"Action-packed!" "A wild ride." "Nearly as exhilarating as the video game industry!" Ah, who am I kidding? The first two don't even come close to matching the third, and today serves as a large, billowing banner for that fact. We've got mergers, buyouts, children, slavery, drugs, and even CliffyB! If every day were this exciting, action movies would be out of a job. Now click that "Read More" link; you know you want to.
The idea of being able to store and access company data from a remote datacenter may sound splendid for the IT department, but lets not get our heads in the clouds just yet. Cloud computing has made a strong push in the past year with help from Amazon, IBM, and Sun offering virtual servers for remote use, but regardless of the push large corporations just aren’t ready for the switch and Gigaom.com gives you the 10 reasons why.
According to the article, the number one concern companies should have is security. Cloud computing will need to toughen up its defense against information leaks before companies can feel safe with keeping all their sensitive terabyles online. Data leaving company doors would leave it vulnerable to thousands of ambitious hackers constantly trying to sneak their way into corporate information. Proofpoint, the makers of data encryption software, has released a survey reporting that “44% of surveyed companies reported that they investigated an email leak of confidential information in the past 12 months” with the emails coming from their own employees. With companies already having trouble keeping data safe within their own infrastructures, the security fears of someone else keeping all of your information are probably warranted.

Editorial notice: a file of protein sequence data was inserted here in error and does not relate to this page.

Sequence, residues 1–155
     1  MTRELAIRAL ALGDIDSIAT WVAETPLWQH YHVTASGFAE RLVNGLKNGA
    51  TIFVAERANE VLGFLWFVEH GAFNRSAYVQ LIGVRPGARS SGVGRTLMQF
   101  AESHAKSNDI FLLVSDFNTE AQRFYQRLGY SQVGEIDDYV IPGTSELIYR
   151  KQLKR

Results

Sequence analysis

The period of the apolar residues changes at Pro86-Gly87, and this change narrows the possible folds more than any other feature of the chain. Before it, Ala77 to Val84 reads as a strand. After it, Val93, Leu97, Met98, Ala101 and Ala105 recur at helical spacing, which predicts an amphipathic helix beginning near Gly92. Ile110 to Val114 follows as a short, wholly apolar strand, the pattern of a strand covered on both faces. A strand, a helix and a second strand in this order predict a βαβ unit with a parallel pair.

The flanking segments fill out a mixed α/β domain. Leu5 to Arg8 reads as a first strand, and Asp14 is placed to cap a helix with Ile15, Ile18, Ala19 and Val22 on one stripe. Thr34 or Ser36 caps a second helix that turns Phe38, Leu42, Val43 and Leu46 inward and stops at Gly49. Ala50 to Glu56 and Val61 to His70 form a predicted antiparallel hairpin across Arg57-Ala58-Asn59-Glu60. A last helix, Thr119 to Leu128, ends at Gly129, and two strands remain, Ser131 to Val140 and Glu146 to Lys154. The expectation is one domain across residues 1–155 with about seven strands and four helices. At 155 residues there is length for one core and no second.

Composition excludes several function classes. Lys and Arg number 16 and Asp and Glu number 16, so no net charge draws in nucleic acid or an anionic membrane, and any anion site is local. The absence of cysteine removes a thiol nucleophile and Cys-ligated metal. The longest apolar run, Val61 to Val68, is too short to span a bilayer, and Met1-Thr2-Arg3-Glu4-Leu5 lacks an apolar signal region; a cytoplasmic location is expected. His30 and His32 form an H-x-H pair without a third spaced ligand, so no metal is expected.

If you happen to live in California, Connecticut, Washington DC, New York, New Jersey, or Washington, we hope you’re aware of a recently enacted law making it illegal to make cell phone calls while driving unless you’re using a hands-free headset. Fines in California start at $20 and rise with repeat violations. But if you happen to be a daring super commuter who’s already been caught using a cell phone while driving, you may be in luck. Bluetooth headset maker Jawbone just announced a new promotion to give ticket holders $20 off their new headset (which we really liked in our Bluetooth headset roundup) when you place an order from the official Jawbone website. The offer ends on August 31st, and will require you to give Jawbone your ticket number. You’re not really saving any money (since the minimum ticket fine is $20), so we don’t recommend breaking the law and getting caught just to make yourself eligible for the discount.
Canon rolls out a stripped-down version of the XSi, the XS, at an SRP of just $699.99 (including lens). Discover how the XS compares to its sibling, what was left out to hit a lower price point, what's new, and what new Speedlight joins the Canon EOS family.
This brawny super-rig would allow molecular simulations to last about a millisecond (10^-3) or more, which seems like an eternity compared to the current simulations that barely last anywhere between a few femtoseconds (10^-15) and a microsecond (10^-6) – a thousand-fold increase. The supercomputer derives its might from 517 processors that work in conjunction. The elongated molecular simulations will advance drug research by leaps and bounds as scientists would be able to develop newer drugs based on the data from Anton.
"At one point during the webinar, 'W00ts!' were heard emanating from the conference room as Harry, a renowned Team Fortress 2 fanboy, demonstrated how to properly tea-bag an opponent."
Most English teachers would have a field day with the above sentence, but with the exception of 'tea-bag,' the rest of the terms are now officially recognized. Perhaps Merriam-Webster is undergoing a mid-life crisis, or maybe as geeks we've leveled up our ability to affect the English language. Either way, a bevy of new terms are being added to the latest version of the Merriam-Webster Collegiate Dictionary, and many of them could be pulled straight out of any computer forum. Among the new terms are:
Not all the new words are technology terms, but many of them do reflect societal trends. "As soon as we see the word used without explanation or translation or gloss, we consider it a naturalized citizen of the English language," explained Peter Sokolowoski, an editor-at-large for Merriam Webster.